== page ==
The Church has been in that sort of trouble since the middle of the eleventh century when celibacy was suddenly inflicted upon the sect’s priesthood.

            Alluding to the “insular and self-protecting brotherhood” of the Church, Talbot speculates that “without the requirement of celibacy, some men drawn to [the Church] because they thought it would cure them of unwanted urges might not have sought refuge in the priesthood.” In the same spirit of pooh-poohing the “aura of purity, of exalted separateness” that celibacy confers upon Catholic priests, she notes that “the Italian newspaper La Repubblica reported that the real reason Benedict resigned was that gay prelates at the Vatican were being blackmailed.” And he didn’t want to face the consequences at his advanced and enfeebled age. Can’t say I blame him.

            If pedophilia is beyond the ability of Benedict’s strict piety to deal with, homosexuality is entirely outside the pall. All, as I believe, brought on by the Church’s insistence on celibacy for its priests. And celibacy became a requirement for reasons having little to do with spiritual purity.

            By the end of the ninth century, the papacy was thoroughly corrupt. Because the priesthood was often the career choice of the male offspring of the rich and powerful who could not inherit because they were not the first-born, priests were often aligned with powerful families—their relatives—and simony, the practice of buying and selling ecclesiastical offices, was widespread as a way of consolidating and expanding power. In this tradition, the papacy was in the gift of powerful families—and of kings and emperors. And since priests could marry, those who held high office in the church sought to pass the power and influence on to their children. The Church had become the instrument of the wealthy and powerful, reflecting their interests and theirs alone. One consequence was the so-called “Papal Pornocracy,” according to Brenda Ralph Lewis in A Dark History: the Popes.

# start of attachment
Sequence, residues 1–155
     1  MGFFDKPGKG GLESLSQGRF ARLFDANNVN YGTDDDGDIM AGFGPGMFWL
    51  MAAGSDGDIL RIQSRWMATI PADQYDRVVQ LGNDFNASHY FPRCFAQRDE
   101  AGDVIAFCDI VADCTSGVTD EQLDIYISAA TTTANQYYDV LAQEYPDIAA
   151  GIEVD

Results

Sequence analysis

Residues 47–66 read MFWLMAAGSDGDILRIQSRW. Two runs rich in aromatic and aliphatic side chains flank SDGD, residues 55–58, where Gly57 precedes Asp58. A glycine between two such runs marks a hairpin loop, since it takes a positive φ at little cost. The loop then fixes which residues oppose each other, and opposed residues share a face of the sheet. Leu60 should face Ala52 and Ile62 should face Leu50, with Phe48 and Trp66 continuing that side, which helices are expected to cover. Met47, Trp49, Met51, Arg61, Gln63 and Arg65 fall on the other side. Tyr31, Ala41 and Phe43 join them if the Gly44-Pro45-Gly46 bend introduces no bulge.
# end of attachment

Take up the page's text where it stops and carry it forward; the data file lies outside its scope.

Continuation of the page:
“Popes were being manipulated, exploited and maneuvered for nefarious ends by mistresses who used them as pawns in their own power games. ... So many popes were assassinated, mutilated, poisoned or otherwise done away with that when one of them disappeared, never to be seen again, it was only natural to scan a list of violent explanations to find out what had happened to him. Death by strangulation in prison was a frequent cause. Had the vanished pope been hideously mutilated and therefore made unfit to appear in public? Had he made off with the papal cash box? Or should the brothels and other houses of ill repute be searched to find out if he was there?”

            With the papacy being conferred by noble but usually feral families, popes came and went with the fortunes of the families on battlefields and in commerce. Said Lewis: “There were 24 popes between 872 CE and 904 CE. The longest reign lasted a decade and another four came and went within a year. There were nine popes in the nine years between 896 CE and 904 CE. ... That meant, of course, that the papal See of Rome was in a constant state of uproar as the struggle for the Vatican had to be fought over and over again.”